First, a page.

Africa 4.8.2016 12:20 pm

Censor opposition parties’ ‘nonsense’: Zambia minister



The information minister instructed public media outlets to censor out ‘nonsense’ and ‘alarming statements’ when covering opposition party rallies.

Zambian Information and Broadcasting Services Minister Chishimba Kambwili said although the country’s public media outlets had been authorised to cover opposition party rallies, they had been instructed to censor out “nonsense” and “alarming statements” to ensure that the public get the “correct” information.

Addressing a campaign rally of the governing Patriotic Front party in the Luanshya district of the Copperbelt Province on Wednesday, Kambwili criticised opposition parties, churches, media and civil rights organisations who complained of public media coverage being biased in favour of President Edgar Lungu and his PF party.

He said opposition parties were adequately and fairly covered in various articles and programmes aired and published on the government-owned print and electronic media. However, he said all
public media outlets had been instructed to thoroughly censor their coverage of the opposition parties.

“What we have told the heads of public media is that while they should operate independently, but they should analyse the information they channel out to the public. Everyone is covered in the public media. When you open the papers, you always find a story about the (political) opposition, so what more do they want?

“We have given the public media power to cover anyone regardless of what party they belong to, but what is important is that those in the public media must be able to differentiate sense from nonsense as they decide on what stories to publish. Some political leaders issue alarming statements, and I don’t think it is in the interest of Zambia for public media to carry alarming statements that have no justification,” Kambwili said.

The Zambian public media, led by the Zambia Daily Mail and the Zambian National Broadcasting Corporation (ZNBC), have been criticised for alleged biased coverage which favoured the ruling party throughout the campaign season.

Meanwhile, Fourth Revolution Party president Eric Chanda said President Lungu should use his powers and declare a state of emergency if he felt the country was under threat, rather than use threats to intimidate opposition parties ahead of the elections next week.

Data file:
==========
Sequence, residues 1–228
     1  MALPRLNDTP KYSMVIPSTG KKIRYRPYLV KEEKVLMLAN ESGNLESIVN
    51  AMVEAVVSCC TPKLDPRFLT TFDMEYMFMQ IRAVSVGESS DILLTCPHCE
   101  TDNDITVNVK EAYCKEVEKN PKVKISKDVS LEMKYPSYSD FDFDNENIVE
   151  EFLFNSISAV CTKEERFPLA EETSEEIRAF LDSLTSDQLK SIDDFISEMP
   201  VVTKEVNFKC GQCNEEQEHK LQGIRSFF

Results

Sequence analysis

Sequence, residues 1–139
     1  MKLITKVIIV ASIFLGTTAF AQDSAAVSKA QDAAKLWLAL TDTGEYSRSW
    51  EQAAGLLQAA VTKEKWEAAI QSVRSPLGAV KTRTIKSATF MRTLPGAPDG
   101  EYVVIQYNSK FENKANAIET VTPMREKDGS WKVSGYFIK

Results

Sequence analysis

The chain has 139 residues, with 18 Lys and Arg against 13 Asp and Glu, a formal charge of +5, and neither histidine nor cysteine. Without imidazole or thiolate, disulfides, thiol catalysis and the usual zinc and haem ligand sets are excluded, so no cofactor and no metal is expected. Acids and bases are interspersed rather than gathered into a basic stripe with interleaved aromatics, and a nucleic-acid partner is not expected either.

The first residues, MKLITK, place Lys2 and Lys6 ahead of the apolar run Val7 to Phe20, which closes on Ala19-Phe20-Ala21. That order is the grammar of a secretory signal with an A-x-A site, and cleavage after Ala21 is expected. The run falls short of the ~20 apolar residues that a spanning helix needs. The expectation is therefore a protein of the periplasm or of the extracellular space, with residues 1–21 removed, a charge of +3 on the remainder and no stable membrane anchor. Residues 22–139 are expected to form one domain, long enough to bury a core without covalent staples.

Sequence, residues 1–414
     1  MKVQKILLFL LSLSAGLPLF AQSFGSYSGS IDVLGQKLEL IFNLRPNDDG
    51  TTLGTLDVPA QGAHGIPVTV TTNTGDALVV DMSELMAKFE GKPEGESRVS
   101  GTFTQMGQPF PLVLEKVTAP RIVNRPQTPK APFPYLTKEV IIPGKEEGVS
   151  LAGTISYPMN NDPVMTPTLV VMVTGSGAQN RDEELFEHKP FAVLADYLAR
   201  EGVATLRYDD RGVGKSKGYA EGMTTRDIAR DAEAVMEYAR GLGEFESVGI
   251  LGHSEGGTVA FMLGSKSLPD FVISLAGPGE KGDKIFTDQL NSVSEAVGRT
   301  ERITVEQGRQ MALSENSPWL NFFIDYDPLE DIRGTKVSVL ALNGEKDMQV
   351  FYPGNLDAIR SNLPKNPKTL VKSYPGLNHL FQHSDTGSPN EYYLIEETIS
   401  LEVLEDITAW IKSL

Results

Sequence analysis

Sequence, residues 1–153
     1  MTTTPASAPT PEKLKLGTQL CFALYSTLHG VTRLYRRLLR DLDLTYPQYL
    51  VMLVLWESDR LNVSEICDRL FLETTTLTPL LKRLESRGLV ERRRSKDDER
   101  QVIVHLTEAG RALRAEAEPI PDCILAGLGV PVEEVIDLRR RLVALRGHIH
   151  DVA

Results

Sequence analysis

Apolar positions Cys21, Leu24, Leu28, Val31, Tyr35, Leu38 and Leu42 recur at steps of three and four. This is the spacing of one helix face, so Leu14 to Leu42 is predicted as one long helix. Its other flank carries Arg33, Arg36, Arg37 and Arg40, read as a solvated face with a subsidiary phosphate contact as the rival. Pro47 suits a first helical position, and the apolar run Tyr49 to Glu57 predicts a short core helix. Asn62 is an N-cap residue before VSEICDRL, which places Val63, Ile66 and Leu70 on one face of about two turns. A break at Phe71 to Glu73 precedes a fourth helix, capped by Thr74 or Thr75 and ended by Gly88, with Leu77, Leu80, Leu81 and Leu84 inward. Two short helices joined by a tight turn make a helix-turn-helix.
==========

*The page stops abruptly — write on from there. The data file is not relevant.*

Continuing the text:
Addressing a campaign rally in Mufulira on August 1, Lungu threatened to transform from a democrat to a “draconian” president to protect peace if the opposition United Party for National Development (UPND) went ahead with plans to protest the election outcome on allegations that the elections had already been rigged in his favour.

However, Chanda suggested that instead of threatening to turn draconian, Lungu could protect peace by declaring a State of Emergency two days before the polls and maintain it until the results were announced and agreed to by all parties and candidates.

In a press statement, the UPND said the threat was mischievous and proved that Lungu lacked understanding of the meaning of democracy.

“The PF presidential candidate does not understand democracy. Zambia’s democracy is under threat because of having Lungu as a president. How can the president be ready to kill democracy to protect peace? This shows Lungu’s failure to understand the meaning of democracy.

“As UPND, we take this threat as a mischievous act and an insult to his own intelligence. We also warn him not to make careless statements because we shall always defend democracy using our rights as enshrined within the supreme law of Zambia. Lungu’s fear of losing power next week should not lead him into putting Zambia on a political fire,” the party said.

Eight political parties will field presidential, parliamentary, local council and mayoral candidates against Lungu and his governing PF party.

– African News Agency (ANA)


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